I May Hate My Professor, But She's The Best Professor I've Ever Had

I May Hate My Professor, But She's The Best Professor I've Ever Had

I think my professor has a lot to question about some of her current teaching methods. But despite all of her flaws, I'll be damned if I don't say she's not an excellent teacher.


Forgetful, curt, frigid.

Those are only a few of the shining adjectives I can think of to describe my professor. A self-assured, no-nonsense middle-aged woman has been the bane of my existence this semester and ironically, one of the most intriguing parts of it. In much the same way that a sore muscle feels painfully pleasurable, I've found myself utterly annoyed (sometimes downright angered by) my professor and her mannerisms, yet enjoying every minute of the class, nonetheless.

On the first day of class, we never really know what to expect. Most of the time, we're neither disappointed nor surprised, but on the first day of the spring semester, I found myself experiencing both emotions in the most perplexing of ways. She showed up fifteen minutes late and ended the class 30 minutes early... delightfully surprising, along with her thick, Mediterranean accent that somehow conveyed to me the air of self-possession that she would carry herself with throughout the entire semester. An air that makes for a passionate, assertive professor that has the power to captivate an entire room.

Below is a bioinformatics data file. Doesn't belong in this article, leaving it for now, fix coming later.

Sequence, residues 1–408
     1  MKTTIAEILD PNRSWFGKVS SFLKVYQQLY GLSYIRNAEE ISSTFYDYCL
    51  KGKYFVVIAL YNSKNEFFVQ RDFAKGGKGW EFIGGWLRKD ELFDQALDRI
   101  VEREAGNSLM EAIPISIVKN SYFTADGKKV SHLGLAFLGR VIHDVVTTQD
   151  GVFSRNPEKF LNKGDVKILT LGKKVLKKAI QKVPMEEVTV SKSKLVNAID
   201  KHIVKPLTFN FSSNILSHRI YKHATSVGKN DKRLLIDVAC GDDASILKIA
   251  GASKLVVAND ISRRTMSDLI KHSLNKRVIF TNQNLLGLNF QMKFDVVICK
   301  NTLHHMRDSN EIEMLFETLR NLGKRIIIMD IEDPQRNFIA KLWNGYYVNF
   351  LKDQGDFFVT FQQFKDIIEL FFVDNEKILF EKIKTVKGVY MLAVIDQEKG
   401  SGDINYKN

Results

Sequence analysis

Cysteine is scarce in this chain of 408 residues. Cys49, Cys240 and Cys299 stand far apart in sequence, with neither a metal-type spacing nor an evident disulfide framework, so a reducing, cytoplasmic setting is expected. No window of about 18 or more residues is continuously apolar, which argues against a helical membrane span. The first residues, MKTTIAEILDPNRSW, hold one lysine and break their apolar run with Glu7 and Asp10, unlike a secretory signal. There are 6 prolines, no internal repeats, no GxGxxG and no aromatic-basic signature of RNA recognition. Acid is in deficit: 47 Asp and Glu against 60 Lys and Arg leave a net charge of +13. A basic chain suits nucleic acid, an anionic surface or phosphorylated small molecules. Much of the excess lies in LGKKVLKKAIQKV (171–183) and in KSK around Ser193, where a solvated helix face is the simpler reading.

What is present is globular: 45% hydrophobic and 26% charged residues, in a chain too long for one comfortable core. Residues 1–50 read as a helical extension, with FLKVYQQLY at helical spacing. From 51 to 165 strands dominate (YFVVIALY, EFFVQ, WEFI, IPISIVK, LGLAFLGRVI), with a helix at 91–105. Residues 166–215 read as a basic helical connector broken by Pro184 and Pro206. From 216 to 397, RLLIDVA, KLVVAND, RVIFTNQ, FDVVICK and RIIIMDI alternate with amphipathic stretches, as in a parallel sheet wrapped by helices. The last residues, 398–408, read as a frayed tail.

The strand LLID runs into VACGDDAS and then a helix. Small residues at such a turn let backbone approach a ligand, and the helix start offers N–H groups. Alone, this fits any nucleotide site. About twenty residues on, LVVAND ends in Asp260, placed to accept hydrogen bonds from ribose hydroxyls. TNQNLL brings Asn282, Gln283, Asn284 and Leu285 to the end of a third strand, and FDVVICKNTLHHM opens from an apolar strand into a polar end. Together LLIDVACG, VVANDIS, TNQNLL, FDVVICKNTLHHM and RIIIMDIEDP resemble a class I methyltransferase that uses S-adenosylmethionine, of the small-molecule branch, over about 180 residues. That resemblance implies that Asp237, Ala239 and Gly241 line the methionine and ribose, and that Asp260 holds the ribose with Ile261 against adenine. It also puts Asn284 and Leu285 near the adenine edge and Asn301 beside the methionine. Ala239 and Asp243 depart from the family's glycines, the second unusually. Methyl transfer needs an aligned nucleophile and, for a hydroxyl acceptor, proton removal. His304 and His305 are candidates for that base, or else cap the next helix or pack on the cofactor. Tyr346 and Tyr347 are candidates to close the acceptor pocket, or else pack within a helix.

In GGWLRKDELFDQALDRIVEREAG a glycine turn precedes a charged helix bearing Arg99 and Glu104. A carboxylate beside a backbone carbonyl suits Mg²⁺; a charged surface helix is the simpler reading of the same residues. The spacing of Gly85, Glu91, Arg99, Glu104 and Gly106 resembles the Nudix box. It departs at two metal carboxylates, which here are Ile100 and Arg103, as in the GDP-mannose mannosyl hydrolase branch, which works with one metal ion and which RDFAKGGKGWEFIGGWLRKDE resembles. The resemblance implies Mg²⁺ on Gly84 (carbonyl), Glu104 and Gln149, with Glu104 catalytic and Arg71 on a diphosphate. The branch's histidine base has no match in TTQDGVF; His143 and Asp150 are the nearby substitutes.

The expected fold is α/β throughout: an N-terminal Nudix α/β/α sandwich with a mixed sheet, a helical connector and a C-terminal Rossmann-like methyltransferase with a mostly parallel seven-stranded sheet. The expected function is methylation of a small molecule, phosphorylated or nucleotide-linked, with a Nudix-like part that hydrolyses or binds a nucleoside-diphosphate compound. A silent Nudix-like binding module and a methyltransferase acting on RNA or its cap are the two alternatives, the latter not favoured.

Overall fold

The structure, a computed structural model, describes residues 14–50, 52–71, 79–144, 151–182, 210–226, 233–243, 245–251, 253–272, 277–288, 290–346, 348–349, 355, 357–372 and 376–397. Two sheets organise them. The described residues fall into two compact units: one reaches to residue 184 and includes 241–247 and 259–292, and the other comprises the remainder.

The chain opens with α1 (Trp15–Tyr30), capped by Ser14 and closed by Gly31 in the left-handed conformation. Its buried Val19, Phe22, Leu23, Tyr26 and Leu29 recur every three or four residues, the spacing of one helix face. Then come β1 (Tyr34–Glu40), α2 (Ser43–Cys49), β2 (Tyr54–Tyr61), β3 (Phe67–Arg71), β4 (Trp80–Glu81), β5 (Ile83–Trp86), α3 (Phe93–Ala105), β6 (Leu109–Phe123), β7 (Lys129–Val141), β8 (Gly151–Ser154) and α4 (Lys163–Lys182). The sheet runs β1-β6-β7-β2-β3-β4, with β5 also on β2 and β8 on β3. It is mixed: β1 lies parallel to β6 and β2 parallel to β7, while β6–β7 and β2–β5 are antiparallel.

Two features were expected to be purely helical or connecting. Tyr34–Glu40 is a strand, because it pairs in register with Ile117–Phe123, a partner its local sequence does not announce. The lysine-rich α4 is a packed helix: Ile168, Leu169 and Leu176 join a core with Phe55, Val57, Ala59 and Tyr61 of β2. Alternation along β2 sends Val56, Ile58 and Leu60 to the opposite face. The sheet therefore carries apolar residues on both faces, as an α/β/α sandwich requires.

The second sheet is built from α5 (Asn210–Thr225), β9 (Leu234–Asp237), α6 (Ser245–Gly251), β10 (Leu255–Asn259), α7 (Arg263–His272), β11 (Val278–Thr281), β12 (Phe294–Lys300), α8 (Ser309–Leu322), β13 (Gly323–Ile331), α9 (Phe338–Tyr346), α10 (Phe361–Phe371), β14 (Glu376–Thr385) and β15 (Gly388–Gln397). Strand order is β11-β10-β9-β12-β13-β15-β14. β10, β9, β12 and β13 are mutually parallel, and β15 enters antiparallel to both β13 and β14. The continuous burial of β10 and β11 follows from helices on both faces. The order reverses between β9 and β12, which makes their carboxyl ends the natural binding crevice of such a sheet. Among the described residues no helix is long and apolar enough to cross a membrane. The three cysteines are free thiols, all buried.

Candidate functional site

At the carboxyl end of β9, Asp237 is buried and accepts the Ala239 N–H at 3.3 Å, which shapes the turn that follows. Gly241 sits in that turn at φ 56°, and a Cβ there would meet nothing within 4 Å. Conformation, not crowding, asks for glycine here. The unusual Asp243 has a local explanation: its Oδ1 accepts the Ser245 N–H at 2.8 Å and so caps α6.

However, as I stared down at my unstapled six-page syllabus, eccentrically adorned with a grading scale that included an E grade (and no, the E did not stand for "elective"), and observed the nonchalant way she brushed off our questions and exited the class before even half of us were out of the room, I felt the disappointment settle deep into my bones and the knowledge that I would have a less-than-put-together professor creep into my mind.

I was not wrong about my assumption.

I first started to get irritated with her when she entered the wrong grade in the gradebook... and then argued with me for five hours via email about how the mistake was somehow my fault.

Then, I started to get upset with her when she decided to play the role of Petty Betty after our email run-in, and call on me every single day in class, only when my hand wasn't raised.

The passive-aggressiveness was easy to spot. I'm already quiet in person, but to be put on the spot when clearly I have no idea how the hell to answer her question, really ground my gears. Not one for confrontation, I just ignored it and made sure that I always showed up to class extra prepared to speak.